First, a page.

FOR some people, experiencing severe loss can lead to gaining the most important thing in life — a relationship with God.
Iosefo Lui, 36, is one such person.
His dream to become a priest began as early as Class Seven as he watched the solemnity with which priests handled mass at his parish in Solevu, Bua, in admiration.
Fate had other plans for this Kilaka native from Kubulau.
After a successful academic career, he took up employment at the Fiji Sugar Corporation mill in Ba as an engineer.
"The dream of being a priest faded away as I started to earn money. The exciting life of being a young man kept me busy, turning my thoughts away from the aspiration to become a priest," Mr Lui recalled.
"I came to a point where I had a relationship with a girl and thought of settling down but this did not materialise. I felt something was missing during this acquaintance."
"I did some soul searching and realised that the passion to enter into the priesthood was my true calling. However, I chose to push these thoughts aside because this vocation comes with a lot of sacrifice," he said.
Mr Lui said in 2008, he put his foot down and told himself that he was going to march back to the seminarian and pursue priesthood training.
"Everything had gone the wrong way and my life was almost out of its course, and everything that I did was pointless," Mr Lui said.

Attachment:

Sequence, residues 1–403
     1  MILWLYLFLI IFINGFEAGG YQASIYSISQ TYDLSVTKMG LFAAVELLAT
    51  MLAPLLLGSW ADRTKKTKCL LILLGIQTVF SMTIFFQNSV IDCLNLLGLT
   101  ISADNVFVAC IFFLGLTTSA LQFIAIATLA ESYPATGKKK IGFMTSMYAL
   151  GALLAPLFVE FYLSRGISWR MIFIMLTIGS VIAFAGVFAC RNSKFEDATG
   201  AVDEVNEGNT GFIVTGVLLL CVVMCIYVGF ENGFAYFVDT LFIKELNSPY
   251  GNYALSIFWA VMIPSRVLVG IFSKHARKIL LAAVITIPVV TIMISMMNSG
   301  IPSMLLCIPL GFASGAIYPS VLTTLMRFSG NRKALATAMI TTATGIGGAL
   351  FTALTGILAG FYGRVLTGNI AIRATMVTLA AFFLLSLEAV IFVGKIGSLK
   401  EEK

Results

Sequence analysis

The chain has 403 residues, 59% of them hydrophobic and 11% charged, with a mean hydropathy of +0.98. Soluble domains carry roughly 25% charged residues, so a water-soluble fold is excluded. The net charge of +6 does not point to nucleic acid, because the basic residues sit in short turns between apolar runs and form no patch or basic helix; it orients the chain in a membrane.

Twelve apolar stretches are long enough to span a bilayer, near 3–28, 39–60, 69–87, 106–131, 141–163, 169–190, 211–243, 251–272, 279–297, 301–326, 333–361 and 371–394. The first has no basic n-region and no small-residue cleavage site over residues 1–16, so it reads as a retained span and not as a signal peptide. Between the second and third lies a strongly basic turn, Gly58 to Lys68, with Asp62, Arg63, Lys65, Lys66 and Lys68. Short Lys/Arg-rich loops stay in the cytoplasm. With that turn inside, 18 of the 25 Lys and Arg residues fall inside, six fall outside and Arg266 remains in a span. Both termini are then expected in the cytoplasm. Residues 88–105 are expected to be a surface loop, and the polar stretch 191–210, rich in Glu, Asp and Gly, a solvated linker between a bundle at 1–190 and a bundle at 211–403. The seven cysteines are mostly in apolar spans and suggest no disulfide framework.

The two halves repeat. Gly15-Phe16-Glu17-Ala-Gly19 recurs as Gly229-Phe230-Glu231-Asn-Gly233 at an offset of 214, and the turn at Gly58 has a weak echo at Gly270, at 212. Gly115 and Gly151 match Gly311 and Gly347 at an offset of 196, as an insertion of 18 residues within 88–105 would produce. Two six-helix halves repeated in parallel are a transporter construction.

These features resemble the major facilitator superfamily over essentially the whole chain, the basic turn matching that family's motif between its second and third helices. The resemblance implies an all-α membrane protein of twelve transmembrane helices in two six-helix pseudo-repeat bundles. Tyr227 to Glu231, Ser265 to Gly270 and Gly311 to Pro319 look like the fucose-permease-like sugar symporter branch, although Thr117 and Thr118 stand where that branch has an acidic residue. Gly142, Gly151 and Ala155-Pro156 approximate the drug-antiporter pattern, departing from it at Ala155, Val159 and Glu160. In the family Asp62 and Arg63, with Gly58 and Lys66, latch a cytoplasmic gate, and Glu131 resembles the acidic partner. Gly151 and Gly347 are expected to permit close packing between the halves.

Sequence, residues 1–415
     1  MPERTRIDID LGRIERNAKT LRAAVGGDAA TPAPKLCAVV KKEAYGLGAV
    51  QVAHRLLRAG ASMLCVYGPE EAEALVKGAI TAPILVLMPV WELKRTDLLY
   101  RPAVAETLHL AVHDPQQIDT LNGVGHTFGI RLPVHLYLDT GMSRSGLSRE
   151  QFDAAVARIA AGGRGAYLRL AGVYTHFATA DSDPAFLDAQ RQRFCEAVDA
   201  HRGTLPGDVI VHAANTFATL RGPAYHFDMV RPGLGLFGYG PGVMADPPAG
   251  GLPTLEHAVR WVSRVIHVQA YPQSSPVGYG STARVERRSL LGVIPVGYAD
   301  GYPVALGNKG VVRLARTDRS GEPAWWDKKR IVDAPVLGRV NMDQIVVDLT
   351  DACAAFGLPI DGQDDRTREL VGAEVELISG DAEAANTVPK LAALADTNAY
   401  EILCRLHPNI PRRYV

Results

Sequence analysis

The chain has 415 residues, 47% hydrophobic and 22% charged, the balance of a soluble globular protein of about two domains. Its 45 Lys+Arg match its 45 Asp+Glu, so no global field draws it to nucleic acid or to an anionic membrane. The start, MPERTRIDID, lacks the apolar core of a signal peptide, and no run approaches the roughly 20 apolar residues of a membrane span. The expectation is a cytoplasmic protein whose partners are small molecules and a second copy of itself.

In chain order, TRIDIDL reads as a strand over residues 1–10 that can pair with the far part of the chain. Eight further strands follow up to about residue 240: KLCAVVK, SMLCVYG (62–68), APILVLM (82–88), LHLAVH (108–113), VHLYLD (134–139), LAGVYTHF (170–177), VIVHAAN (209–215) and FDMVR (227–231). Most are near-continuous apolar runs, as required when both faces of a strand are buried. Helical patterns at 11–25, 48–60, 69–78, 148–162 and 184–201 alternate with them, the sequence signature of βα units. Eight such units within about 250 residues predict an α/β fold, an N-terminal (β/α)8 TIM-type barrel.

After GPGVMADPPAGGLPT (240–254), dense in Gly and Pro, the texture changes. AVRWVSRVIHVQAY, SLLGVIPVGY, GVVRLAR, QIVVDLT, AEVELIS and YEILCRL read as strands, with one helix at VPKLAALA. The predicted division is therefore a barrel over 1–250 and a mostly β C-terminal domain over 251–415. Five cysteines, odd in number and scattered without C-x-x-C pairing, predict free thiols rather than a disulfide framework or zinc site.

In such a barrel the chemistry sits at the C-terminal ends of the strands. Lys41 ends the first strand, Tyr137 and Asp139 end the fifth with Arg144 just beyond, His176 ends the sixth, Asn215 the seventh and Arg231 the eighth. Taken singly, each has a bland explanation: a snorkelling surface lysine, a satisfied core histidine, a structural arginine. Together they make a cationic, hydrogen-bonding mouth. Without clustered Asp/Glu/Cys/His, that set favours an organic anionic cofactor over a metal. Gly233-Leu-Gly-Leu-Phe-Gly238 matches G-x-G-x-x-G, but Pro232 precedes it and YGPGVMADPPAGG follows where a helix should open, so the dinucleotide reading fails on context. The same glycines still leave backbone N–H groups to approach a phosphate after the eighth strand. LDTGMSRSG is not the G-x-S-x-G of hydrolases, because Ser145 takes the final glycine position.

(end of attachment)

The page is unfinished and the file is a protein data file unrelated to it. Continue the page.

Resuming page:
"Fifteen years after my revelation in Class Seven, I finally made my way into the seminarian and did what I should have done a long time ago."
"In 2009 I entered into the training progam at the Pacific Theological Seminarian in Suva and I have never regretted making the decision as it has created a sense of direction and purpose in my life," he said.
Mr Lui said he was enjoying the spiritual retreat in Nakayaga as it connected him closer to God.
He said being with other students was a source of strength for him when sharing about his challenges and strengthening his spiritual self.
"We have been with other seminarians from around the country and it has been very interesting walking with people who are different from you and who hold different views about life," Mr Lui said.
"My parents are still alive and I am the third eldest in a family of eight. I'm proud of the achievements that I have made. I am satisfied with my life," he said.
Mr Lui said his family were amazed with his changed personality.
"When I look back at my life, it's almost like the parable of the prodigal son. I really found the purpose of my life when I came back to the priesthood," he said.
"I give back to God the glory that he deserves. His calling is timely as it came during a time in my life when I was falling apart," he said.
Mr Lui added that his faith in God is sweeter and the trials that he went through in life have made him a stronger and better person.